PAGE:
The LGBT community at Weber State University isn’t represented in the student senate, despite efforts to give them a voice.
In March, the student senate voted in favor of creating a new senator position for gender equality and sexual diversity. Shortly after its creation, the seat was challenged.
The individual who challenged the bill was a female who doesn’t identify within the LGBT community, according to Amber Fast, who proposed the seat during her run as the traditional student senator.
Upon examination, the WSUSA Supreme Court found the proposed senate seat to be unconstitutional.
“Every student does have a right to challenge something if they don’t feel that the seat is appropriate,” Fast said. “I do not know if there were ulterior intentions or not, according to what was put on (the Supreme Court response).”
The Supreme Court stated that the proposed senate seat did not align with the current WSUSA bylaws. The bylaws state that any officially recognized constituency may receive senate representation. Constituencies are defined as “any group of Weber State University students who share a unique community that can be legally tracked within the campus computer system, commonly known as Banner.”
Tracking LGBT students is a gray area, since questions regarding sexual orientation aren’t typically included in student demographics.
Fast said she knew proving constituency among the LGBT community could be difficult. But she also didn’t want to limit the power of the seat by excluding heterosexual students.
“I think some students, or the individual that challenged the bill, believe that you need to be within the LGBT community to be in this seat,” she said.
Fast said she intended for the senate position to be open to anyone, since she believes you don’t have to identify within the LGBT community to be an ally or advocate for those who do.
The Supreme Court also suggested the proposed senate seat be reworded, saying “it could appear confusing to students as to what the position does or does not include.”
Andrea Salcedo, the current senator for the College of Education, said creating a senate seat takes time and teamwork among the senators. The senate’s current focus, she said, is reworking the constitution. Until that’s complete, the bill to create a gender equality and sexual diversity seat is halted.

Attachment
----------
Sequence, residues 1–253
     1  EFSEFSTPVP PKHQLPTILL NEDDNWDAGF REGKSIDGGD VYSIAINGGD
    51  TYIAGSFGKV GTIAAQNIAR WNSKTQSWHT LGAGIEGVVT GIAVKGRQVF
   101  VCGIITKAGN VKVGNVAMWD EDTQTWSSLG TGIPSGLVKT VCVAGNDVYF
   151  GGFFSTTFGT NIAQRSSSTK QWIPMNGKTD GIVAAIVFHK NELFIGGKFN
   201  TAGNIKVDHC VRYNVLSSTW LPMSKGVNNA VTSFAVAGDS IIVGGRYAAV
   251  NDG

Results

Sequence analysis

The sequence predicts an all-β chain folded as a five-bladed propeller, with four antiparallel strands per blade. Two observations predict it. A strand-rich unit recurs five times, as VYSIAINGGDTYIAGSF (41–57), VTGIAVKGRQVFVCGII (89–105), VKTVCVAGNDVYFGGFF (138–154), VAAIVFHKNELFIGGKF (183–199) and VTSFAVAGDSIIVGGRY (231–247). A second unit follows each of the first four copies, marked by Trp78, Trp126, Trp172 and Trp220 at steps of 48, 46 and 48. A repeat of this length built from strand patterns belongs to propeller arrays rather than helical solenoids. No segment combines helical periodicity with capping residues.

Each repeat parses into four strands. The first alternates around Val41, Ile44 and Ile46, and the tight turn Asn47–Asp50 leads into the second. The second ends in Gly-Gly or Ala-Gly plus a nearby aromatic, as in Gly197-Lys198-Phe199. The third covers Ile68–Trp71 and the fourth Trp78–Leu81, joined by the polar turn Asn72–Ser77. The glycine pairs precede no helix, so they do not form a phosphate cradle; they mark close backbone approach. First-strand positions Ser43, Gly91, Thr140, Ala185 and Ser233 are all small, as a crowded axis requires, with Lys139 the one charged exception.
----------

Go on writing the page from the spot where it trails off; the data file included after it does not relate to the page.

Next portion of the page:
“It’s not a quick process,” Salcedo said. “If we’re able to rework and reword it, once we work on the constitution and set that up as well, it has a possibility to be passed.”
For the time being, there are 22 senate seats, none of which include a designated senate member to voice the needs of the LGBT community.
“Some of the things that you see for LGBT populations are higher rates of depression, anxiety, suicidality, and that comes from being a stigmatized and marginalized population,” said Jayson Stokes, the campus LGBT Resource Center coordinator. “Not having that senate seat continues to make people feel voiceless and unheard on the campus community.”
Stokes said he saw very few negative reactions to the proposed senate seat, and most students were quite supportive.
“We haven’t had much resistance,” he said. “But it has to be done the right way.”
Fast said she first began her work to create the senate seat because she felt there weren’t enough people reaching out to the LGBT community. She never saw her efforts come to fruition, but she has hope for future students.
“Now that I’m gone from senate, that doesn’t mean that I regret my choice,” Fast said. “I know I’ve left something behind that I hope that others are going to take the opportunity to pick up and keep working on.”
This story was updated at 5:05 p.m. Oct. 23.